Globally refuse disposal is still one of the great growth industries of our time. The majority of what we buy and use, is destined for the dustcart, and in an ever shorter time and breaking all previous records for quantity as civilization becomes more affluent.
We purchase great quantities of goods which come with a relatively short lifespan and abundant quantities of packaging material. In times gone by many of us composted our putrescible waste in our gardens ad vegetable plots.
Gardens are getting smaller, we grow fewer food crops, and there is little room left for the compost heap and the garden bonfire is often banned due to clean-air regulations.
Dustbins are getting larger and refuse collection authorities are becoming more efficient and helpful in collecting ever larger quantities of household refuse and civic amenity wastes.
To reduce the sheer bulk of waste destined for our landfill sites, to extend their operating lives and to minimize the environmental and safety hazards of the materials delivered unto them, there is increasing public and legislative pressure to recycle and reuse a greater proportion of the discarded possessions we call “municipal solid waste” (“MSW”).
There is also a growing demand for energy and for that energy to be “green” and not from a fossil fuel based source which contributes to the greenhouse gas effect and climate change. There are lots of ways that waste, with its locked-in energy, can be used as a fuel source, but one of the very best, if not the best is a process called Anaerobic Digestion.
The scope for anaerobic digestion of MSW “putrescibles” becomes apparent when one examines the composition of household refuse and the limitations of existing recycling schemes. The big advantage possessed by anaerobic digestion is that using it to produce “biogas” can not only provide a fuel for ordinary diesel generators, but also can be converted into biofuel which can be used in the automotive industry. This can potentially provide us with green fuel in the place of fossil fuels which are saved.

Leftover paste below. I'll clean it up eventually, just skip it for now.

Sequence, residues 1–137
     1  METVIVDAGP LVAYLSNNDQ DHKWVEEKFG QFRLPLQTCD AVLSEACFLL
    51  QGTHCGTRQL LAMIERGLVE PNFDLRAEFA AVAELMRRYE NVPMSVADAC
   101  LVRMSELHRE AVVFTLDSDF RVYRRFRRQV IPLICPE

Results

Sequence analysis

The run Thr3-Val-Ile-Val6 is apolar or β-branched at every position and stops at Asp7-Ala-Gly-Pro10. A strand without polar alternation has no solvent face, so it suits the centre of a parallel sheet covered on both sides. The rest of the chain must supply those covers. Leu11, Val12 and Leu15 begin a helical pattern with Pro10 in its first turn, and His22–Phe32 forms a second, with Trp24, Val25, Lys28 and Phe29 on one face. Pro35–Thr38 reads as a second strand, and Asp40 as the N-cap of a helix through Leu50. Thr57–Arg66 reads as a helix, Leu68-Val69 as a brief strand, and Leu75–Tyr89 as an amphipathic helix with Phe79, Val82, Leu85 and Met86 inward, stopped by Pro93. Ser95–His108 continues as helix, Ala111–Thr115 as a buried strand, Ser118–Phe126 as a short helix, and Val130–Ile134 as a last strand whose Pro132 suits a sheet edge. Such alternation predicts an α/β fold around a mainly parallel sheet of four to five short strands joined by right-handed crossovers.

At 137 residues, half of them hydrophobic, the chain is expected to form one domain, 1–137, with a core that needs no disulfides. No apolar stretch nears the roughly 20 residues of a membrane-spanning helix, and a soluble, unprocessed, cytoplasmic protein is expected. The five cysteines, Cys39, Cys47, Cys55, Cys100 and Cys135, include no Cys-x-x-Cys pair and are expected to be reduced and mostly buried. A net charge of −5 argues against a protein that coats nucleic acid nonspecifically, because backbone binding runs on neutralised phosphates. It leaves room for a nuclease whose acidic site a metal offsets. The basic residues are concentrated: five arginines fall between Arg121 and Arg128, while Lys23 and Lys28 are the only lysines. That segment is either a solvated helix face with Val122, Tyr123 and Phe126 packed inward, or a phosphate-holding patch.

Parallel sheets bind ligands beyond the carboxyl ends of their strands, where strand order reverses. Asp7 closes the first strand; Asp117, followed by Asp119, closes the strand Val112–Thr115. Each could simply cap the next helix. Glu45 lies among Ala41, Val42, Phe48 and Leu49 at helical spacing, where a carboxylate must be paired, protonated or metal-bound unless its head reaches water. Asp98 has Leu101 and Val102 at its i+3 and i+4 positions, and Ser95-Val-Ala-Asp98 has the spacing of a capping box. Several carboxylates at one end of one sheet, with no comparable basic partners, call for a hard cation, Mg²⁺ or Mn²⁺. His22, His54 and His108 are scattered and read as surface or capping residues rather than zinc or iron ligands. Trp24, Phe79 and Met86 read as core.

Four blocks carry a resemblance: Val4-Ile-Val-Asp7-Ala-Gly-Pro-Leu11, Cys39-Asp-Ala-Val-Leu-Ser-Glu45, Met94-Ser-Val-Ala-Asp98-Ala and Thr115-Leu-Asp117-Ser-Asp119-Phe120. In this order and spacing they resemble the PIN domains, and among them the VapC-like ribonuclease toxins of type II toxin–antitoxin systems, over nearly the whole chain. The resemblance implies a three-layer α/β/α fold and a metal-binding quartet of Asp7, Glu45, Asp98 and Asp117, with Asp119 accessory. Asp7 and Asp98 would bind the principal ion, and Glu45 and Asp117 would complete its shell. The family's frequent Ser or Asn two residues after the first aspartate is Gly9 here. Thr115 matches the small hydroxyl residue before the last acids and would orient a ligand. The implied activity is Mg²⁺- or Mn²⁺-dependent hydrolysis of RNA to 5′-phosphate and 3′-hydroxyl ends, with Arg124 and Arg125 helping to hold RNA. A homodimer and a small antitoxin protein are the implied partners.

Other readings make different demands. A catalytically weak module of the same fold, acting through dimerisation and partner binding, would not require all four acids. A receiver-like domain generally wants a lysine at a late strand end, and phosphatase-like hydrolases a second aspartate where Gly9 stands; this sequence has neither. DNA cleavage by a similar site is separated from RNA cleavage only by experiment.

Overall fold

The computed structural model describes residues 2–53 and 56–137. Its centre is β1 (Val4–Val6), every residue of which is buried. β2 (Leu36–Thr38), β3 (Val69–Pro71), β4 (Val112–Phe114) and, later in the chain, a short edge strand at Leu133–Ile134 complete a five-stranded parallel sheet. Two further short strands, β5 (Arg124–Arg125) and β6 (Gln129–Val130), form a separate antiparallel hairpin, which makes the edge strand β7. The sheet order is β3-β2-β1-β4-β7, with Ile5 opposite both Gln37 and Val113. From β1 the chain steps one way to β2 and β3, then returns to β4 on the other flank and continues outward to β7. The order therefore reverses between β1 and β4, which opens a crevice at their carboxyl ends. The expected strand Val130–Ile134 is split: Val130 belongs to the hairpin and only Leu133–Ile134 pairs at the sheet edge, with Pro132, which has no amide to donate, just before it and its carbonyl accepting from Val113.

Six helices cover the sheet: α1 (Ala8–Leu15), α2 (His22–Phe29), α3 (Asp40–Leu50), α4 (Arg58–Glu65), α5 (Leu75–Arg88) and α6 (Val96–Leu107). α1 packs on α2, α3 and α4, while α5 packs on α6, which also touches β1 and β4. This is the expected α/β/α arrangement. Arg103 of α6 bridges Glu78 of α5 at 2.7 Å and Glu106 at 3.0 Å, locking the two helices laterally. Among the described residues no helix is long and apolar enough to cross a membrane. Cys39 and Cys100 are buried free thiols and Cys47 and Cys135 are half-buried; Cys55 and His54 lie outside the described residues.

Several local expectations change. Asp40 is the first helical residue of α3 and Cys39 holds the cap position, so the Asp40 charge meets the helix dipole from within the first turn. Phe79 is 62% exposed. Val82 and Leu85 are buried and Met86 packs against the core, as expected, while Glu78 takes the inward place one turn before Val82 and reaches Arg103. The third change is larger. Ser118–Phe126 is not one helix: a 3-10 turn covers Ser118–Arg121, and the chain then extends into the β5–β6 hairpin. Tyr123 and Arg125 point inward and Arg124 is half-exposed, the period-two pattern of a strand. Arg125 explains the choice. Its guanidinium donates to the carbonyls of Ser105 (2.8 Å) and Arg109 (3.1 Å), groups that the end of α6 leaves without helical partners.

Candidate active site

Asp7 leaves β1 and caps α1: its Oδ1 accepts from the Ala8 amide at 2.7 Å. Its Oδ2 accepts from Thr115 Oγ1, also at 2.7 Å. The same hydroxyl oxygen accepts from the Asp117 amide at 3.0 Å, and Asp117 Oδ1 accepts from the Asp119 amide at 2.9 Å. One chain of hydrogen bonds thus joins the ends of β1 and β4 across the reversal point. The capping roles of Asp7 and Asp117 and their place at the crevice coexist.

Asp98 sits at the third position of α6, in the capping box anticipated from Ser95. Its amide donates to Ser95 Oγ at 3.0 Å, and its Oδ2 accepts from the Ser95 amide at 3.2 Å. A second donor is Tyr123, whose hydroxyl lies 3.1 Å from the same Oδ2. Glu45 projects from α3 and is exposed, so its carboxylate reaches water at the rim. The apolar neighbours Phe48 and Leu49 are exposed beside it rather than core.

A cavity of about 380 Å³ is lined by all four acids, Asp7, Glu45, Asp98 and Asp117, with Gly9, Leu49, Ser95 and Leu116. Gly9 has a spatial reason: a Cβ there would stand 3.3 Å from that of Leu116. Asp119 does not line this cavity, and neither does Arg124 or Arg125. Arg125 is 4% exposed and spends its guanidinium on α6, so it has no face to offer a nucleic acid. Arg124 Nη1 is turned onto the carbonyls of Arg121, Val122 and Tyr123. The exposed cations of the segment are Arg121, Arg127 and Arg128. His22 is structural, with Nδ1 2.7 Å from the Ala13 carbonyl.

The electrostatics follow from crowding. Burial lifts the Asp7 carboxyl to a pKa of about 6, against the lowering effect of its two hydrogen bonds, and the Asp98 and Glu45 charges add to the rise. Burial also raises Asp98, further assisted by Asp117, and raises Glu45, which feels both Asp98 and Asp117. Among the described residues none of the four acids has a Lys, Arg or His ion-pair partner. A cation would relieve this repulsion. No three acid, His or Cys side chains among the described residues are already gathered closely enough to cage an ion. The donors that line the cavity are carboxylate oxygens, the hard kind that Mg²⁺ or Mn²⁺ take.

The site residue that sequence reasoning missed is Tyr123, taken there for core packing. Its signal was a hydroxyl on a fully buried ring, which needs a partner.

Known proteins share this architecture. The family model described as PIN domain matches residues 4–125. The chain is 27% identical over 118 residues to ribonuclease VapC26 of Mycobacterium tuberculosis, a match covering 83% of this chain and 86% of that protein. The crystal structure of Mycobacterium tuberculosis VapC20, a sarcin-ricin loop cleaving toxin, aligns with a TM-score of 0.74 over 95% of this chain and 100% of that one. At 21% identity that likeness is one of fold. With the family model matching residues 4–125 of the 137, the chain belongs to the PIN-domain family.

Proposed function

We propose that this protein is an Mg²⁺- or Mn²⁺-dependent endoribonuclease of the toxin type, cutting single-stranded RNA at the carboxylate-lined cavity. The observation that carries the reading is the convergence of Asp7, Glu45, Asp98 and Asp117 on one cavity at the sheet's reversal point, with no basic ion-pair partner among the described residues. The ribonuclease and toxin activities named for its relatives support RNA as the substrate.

Anaerobic Digestion is still a technology which needs a lot of improving and developing though. There are quite a few problems in using it reliably for the fermentation of wastes, despite the fact that Anaerobic Digestion has been used for sludge digestion at sewage works for at least 50 years.
The problems become apparent when one examines the cost and complexity of the anaerobic digestion equipment and the need to find appropriate outlets for the “refined digestate” liquid it produces.
The incentives derive from consideration of the alternatives:
- The other alternatives, including refuse-sorting and incineration, refuse-derived fuels and refuse-reclaimed materials do not seem likely to offer an obvious straight forward quick-fix solution.
- Landfilling is generally considered to be cheap and effective, if it’s available, if it’s acceptable in the locality, and it will always be required as the ultimate resting place for a small proportion of our refuse.
- But landfill sites do fill up and the problem always remains of finding appropriate new sites..
To summarise this we would say that:
- Household waste is inherently putrescible (compostible), and provides a natural material for decomposition by methane bacteria.
- It will ferment naturally, in a landfill, which even when lined and capped is at comparatively little cost.
- But, landfills do bring with them considerable environmental and safety hazards. They require extensive gas abstraction and leachate control systems to protect neighbouring crops, neighbouring properties and underground water supplies. Even then possibly 30% to 50% of the methane produced leaks out and can’t be collected..
- Household waste will also ferment rapidly in anaerobic digestion plants to provide a convenient source of biogas as fuel and a stabilised “digestate” for landfilling, or refining into useful soil conditioners and soil substitutes for agriculture, forestry or land reclamation. .
- It will capture almost 100% of the methane produced, and this methane can also be processed into a automotive biofuel. It is carbon negative (helps reduce carbon emissions) and “green”.
Anaerobic Digestion technology may not be as reliable as other processes and the cost is high at present, but further investment in research into the processes will almost certainly be able to improve reliability very rapidly.>
Shouldn’t you consider Anaerobic Digestion for your waste processing solution?.